This is an edited version of a longer story written for Leeds Writers Group.......
Excited at the prospect of attending her first school dance, Ruth Hennessy spent all her pocket money on cheap make up which she caked on with the subtlety of a clown. Seeing her little girl preening and pouting precociously in front of the mirror, Ruth’s mother decided that she could delay the inevitable no longer; the time had come to teach her the facts of life. Mrs Hennessy’s intentions were good, but when it came down to it she couldn’t bring herself to go into any level of biological detail and as a result Ruth spent most of the dance with horror on her face as she observed her classmates slow dancing and sharing awkward kisses, both activities she had been led to believe could make a baby if the participants weren’t taking what her mother obliquely referred to as ’precautions’.
A couple of weeks of secondary school were all it took for Ruth to realise she’d been duped; the contraband copies of Seventeen magazine pored over behind the bike sheds set her straight as far as sex was concerned, even if some of the practices referred to in the problem pages did leave her feeling repulsed. Although she was somewhat grateful that her Mum had spared her the embarrassment of a conversation complete with all the anatomical in and outs, she was livid that she’d been spun a lie which, had she had been unfortunate enough to repeat it, would have made her look like an idiot in front of her friends.
Several years previously Ruth had visited a magic show which culminated in the magician wowing the audience by making his assistant disappear. At the time Ruth was distraught, convinced that the girl had experienced some terrible fate and refusing to be consoled no matter how many times her grandfather explained that she hadn’t really been transported through time as The Great Magnifico had led her to believe. A disappearing act would, Ruth decided, be the perfect way to get revenge on her parents.
On Friday morning, Ruth ripped a page out of an exercise book and wrote a note which she left under her pillow. In her schoolbag alongside her usual books and pencilcase she packed her toothbrush, Gameboy and teddybear. Spending the night on the streets didn’t, she reasoned, mean that she had to live like a tramp – a few home comforts would make the night go a lot quicker. She wished that she could bring her duvet but there was no way she would be able to smuggle that to school without arousing any suspicion. Anyhow, she would be back in her bed tomorrow, with her parents so grateful to have her home that they would never dare to deceive her again.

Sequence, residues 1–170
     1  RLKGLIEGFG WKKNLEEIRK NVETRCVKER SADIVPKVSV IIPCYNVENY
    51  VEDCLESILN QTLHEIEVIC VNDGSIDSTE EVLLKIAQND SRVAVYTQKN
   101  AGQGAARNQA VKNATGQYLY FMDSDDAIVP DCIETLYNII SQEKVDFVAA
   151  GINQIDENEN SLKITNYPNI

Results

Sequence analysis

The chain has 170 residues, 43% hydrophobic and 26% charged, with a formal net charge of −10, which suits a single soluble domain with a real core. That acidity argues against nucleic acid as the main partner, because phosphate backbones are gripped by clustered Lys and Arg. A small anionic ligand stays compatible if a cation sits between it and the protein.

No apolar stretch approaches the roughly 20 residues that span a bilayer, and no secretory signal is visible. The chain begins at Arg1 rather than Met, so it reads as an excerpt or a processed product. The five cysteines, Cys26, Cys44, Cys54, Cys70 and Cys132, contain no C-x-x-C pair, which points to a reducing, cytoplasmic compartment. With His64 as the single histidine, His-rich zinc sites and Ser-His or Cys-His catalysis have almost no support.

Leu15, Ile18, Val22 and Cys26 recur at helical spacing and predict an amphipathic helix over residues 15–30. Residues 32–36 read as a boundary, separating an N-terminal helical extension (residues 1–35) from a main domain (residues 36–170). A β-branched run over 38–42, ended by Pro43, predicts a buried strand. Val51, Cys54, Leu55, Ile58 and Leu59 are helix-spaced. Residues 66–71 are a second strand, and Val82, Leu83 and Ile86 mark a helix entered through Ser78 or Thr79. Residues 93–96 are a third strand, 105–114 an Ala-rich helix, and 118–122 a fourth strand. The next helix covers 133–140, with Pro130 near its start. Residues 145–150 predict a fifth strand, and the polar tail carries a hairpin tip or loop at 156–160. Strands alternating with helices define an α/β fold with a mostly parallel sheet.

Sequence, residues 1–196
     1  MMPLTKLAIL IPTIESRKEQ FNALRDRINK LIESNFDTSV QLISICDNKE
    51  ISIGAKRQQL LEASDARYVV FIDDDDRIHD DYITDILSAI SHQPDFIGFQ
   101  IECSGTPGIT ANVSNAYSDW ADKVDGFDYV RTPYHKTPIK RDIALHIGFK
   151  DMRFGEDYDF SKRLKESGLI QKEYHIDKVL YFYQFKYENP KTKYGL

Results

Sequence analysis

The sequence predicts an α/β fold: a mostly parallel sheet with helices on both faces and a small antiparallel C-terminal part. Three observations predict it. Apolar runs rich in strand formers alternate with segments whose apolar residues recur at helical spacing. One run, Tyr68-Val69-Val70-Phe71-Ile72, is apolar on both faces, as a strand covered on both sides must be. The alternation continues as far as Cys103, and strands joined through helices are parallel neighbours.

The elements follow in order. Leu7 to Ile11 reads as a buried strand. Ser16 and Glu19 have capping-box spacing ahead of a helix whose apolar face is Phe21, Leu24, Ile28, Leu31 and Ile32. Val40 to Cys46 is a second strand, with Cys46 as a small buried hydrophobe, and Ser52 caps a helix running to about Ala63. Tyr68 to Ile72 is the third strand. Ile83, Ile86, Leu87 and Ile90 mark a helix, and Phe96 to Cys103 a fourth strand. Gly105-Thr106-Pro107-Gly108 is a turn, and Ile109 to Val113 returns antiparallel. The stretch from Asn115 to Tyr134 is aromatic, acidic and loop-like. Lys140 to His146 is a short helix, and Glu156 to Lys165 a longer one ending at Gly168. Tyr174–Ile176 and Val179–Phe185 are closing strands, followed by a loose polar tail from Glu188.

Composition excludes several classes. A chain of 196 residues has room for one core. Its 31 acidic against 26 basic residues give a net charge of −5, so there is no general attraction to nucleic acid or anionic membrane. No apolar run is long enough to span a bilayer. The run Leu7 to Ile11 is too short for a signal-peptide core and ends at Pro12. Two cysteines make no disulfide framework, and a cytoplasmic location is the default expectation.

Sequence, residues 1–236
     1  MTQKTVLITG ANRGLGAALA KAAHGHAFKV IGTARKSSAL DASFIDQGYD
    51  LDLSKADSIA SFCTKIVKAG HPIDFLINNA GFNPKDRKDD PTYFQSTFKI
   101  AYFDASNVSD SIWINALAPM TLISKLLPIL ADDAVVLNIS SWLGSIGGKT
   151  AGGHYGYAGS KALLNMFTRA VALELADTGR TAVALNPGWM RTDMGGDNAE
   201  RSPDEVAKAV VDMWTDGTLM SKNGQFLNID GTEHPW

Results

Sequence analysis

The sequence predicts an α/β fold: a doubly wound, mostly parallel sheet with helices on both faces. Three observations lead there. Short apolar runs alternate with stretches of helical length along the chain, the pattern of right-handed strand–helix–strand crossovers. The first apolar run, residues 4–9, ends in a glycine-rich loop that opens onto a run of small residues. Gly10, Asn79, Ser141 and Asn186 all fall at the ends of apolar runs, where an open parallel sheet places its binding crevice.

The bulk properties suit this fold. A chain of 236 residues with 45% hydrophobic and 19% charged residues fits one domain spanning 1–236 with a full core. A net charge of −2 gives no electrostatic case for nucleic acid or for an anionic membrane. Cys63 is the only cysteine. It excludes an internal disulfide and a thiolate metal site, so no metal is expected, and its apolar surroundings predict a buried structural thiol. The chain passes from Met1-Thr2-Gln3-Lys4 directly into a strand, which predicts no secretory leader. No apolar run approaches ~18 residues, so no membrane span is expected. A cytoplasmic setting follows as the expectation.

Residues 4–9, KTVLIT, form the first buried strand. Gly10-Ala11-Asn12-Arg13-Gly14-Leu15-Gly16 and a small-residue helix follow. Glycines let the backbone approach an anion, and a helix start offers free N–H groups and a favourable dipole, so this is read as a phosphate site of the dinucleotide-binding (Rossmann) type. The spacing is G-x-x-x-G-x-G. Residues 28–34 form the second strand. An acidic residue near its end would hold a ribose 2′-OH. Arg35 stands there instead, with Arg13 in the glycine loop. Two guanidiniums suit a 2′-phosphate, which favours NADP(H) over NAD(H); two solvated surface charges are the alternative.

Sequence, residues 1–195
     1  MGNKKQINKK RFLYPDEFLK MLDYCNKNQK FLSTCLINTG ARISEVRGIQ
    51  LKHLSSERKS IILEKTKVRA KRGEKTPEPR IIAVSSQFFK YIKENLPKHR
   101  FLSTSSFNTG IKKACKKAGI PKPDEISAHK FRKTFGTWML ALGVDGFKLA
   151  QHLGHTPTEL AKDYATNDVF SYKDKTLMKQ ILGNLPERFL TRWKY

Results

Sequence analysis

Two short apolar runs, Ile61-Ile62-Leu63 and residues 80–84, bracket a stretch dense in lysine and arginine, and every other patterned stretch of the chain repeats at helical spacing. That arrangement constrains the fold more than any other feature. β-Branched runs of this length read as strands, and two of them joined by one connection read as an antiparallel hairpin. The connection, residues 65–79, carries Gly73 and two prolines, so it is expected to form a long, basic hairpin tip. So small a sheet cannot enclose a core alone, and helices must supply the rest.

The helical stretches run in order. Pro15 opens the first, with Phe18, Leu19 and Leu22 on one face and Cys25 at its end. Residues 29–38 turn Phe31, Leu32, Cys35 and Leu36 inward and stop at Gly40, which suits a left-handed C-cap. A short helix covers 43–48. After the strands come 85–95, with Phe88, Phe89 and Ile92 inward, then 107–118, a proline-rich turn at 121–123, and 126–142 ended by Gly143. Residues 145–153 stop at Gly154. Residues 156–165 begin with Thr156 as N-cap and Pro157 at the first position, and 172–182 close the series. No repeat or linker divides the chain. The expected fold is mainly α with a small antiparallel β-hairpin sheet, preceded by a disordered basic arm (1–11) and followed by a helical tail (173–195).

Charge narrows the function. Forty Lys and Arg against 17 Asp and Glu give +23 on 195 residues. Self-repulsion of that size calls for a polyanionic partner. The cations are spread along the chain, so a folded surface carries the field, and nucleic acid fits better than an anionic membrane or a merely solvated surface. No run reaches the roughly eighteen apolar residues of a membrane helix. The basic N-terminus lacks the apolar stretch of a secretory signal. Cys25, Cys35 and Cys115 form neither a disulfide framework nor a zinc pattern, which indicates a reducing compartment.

When the school bell rang at 3.30pm Ruth made her way to the station and caught a train to the next town. Back home, her Mum sat watching the clock and wondering where Ruth had got to - she would usually have called if she was going to be delayed for any reason. By 6pm Mrs Hennessy was beginning to panic, and when her husband returned from work an hour later she was in a state of hysteria. At 7.15pm they found the scribbled note which struck fear into both their hearts;
‘Don’t look for me. I’m not coming back’.
For the first few hours Ruth kept herself entertained browsing the shops, but before long the only place open was a small supermarket and the suspicious looks that the security guard gave her as she traversed the aisles for the tenth time told her it was time to move on. She looked young for her age so even with make up on there was no chance of her being able to pass the evening in a pub, so the only remaining option was a fastfood joint. Ruth sat drinking a milkshake as slowly as possible whilst playing on her GameBoy until the batteries ran out. At 11pm the pizza-faced burger vendor apologetically told her that it was time to close, so Ruth reluctantly headed out onto the streets. It was freezing cold but she was adamant that she was going to stick it out; running away would be nowhere near as dramatic if she were to return home, tail between legs, before the night was through. Ruth sat on a bench and hugged her knees under her chin in an effort to keep warm.
“You should be careful around here, you know.”
Ruth turned to see a man looking at her out the window of a black car.
“Young girls on the street, well, sometimes they disappear. Why don’t you come with me and I’ll give you a lift home?”
“I’m waiting for someone” she replied, wishing that he would leave her alone. The way that he was staring, eyes wandering up and down her school uniform, was making her feel uncomfortable.
'Pretend what you like but it's true. Girls on the street disappear and never come back. Sure you don't want a ride?
Ruth shook her head.
'Your loss;' the man in the car muttered as he pulled away. Long after he was gone from sight the driver's words continued to echo around Ruth's head.
Disappear and never come back.
In that instant Ruth realised how flawed her plan had been. The magician on the pier, that had all been smoke and mirrors, and although the audience had marvelled at the fact that the girl had apparently vanished into thin air, they would not have been applauding if they had any doubt that she would live to perform the same act the next day. Out here however, in the strange and unfamiliar world of the night, tomorrow seemed very far away.
With tears in her eyes and regret seeping from every pore Ruth turned on her mobile phone and dialled.
This vanishing act was never going to receive a standing ovation or critical acclaim. It was time to bring the curtain down.